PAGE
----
This was commissioned by Lieutenant-General Sir Peter Graham as a centrepiece for the Gordon Highlanders Museum in Aberdeen. The sittings took place at Highgrove, the country house of HRH The Prince of Wales. True to form during my thirty years of painting the Royal Family, the weather was atrocious. To make the most of what little light was available at 9.00 am in early March, the Prince’s chair and mine had to be drawn close to each other, with barely any room for my easel between us. Our knees were practically touching.
I considered myself fortunate to be the first official appointment of the day. Fortunate because my sitter would be coming straight from breakfast, unencumbered by the baggage of problems that so often accumulate before a later appointment.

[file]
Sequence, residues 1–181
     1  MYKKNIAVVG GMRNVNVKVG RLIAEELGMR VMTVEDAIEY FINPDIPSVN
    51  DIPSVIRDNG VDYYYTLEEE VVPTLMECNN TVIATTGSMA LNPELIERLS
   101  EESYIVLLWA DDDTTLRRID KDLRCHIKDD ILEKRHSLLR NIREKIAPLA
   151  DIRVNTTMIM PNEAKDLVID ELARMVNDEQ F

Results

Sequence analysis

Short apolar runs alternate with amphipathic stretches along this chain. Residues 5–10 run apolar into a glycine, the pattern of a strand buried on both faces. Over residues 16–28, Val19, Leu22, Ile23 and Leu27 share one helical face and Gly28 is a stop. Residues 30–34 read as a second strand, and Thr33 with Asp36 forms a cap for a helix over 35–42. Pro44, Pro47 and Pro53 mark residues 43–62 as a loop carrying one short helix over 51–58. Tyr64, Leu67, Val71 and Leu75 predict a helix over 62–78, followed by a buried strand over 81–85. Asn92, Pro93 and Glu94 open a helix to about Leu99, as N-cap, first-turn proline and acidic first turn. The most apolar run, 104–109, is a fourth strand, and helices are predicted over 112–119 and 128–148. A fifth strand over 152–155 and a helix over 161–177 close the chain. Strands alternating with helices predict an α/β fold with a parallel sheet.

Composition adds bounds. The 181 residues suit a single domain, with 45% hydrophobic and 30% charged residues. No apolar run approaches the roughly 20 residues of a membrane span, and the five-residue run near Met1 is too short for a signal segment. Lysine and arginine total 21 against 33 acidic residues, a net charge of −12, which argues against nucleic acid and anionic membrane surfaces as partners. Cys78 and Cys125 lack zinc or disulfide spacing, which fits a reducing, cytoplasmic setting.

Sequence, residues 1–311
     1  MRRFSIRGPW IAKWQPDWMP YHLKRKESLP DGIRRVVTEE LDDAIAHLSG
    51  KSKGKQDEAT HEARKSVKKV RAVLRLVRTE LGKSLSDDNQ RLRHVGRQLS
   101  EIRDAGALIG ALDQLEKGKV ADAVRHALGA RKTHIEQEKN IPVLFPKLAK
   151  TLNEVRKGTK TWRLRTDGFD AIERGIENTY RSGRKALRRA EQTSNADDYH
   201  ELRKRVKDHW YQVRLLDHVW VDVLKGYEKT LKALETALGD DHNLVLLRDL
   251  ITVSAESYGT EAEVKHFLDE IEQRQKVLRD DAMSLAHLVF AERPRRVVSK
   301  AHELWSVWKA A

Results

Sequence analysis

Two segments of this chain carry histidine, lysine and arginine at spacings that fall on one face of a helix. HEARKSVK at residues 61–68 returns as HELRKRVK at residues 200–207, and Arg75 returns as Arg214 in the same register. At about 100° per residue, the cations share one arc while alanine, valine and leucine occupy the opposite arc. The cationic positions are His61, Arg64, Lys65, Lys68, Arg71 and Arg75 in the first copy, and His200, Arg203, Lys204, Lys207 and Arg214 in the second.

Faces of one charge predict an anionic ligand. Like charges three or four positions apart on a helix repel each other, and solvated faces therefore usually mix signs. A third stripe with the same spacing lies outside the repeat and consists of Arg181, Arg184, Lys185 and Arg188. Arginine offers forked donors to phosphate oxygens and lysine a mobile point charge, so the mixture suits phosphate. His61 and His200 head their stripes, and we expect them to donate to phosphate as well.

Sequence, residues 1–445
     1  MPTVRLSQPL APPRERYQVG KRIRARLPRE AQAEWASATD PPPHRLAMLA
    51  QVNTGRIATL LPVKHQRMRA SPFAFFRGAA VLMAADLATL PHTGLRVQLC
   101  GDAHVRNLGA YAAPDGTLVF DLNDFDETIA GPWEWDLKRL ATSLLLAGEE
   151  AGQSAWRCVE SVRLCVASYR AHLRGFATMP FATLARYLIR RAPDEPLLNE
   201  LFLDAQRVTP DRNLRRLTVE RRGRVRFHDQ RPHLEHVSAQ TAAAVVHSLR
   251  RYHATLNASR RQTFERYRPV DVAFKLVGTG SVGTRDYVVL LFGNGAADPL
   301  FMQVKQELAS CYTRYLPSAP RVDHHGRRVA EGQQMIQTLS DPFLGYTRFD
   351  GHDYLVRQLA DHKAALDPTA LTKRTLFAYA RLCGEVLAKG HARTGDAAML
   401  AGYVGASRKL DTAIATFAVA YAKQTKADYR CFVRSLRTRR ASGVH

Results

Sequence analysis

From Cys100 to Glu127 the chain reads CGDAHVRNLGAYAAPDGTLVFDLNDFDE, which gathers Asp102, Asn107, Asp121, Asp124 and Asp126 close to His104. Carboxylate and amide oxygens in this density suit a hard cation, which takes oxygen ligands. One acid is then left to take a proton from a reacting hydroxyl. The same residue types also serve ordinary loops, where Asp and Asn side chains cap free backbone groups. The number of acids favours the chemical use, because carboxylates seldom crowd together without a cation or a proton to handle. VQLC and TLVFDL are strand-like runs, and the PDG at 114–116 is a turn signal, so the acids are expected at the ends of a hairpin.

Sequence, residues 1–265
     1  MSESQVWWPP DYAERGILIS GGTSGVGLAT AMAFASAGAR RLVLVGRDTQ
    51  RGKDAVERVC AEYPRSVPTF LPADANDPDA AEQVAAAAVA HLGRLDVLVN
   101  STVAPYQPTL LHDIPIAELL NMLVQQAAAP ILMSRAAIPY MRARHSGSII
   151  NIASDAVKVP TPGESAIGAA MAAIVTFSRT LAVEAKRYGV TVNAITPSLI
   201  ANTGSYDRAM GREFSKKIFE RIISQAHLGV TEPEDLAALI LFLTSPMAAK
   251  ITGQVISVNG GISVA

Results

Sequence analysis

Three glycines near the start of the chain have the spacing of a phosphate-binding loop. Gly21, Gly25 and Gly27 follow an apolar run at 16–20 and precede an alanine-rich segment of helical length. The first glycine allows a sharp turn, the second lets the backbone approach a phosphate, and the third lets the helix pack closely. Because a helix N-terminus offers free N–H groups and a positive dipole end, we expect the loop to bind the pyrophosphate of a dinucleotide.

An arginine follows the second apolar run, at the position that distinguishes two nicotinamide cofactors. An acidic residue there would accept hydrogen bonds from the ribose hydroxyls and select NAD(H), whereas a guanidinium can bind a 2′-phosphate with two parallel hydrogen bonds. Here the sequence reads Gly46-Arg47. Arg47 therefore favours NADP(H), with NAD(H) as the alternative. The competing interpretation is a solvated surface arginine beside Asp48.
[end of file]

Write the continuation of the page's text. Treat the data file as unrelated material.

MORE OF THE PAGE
Working at white heat, with a man whose fascinating life and multiple interests have created a complex, intelligent, idiosyncratic personality, made a challenging exercise indeed. His Royal Highness paid me the honour of personally attending the unveiling of the portrait, and made an impromptu speech extolling the painting’s virtues.
For all the skill required in capturing something as elusive as personality, I had, however, failed to take note of how a regimental tie should be knotted. My faux pas was to include a yellow stripe in the knot, and the Scottish press in particular had a field day. The Prince was amused; the regiment was not. The portrait was returned to the studio for minor retouching, and the yellow stripe became black. All was forgiven, and the regiment made me an Honorary Gordon Highlander.
Limited-edition prints were made to raise funds for the Gordon Highlanders Museum.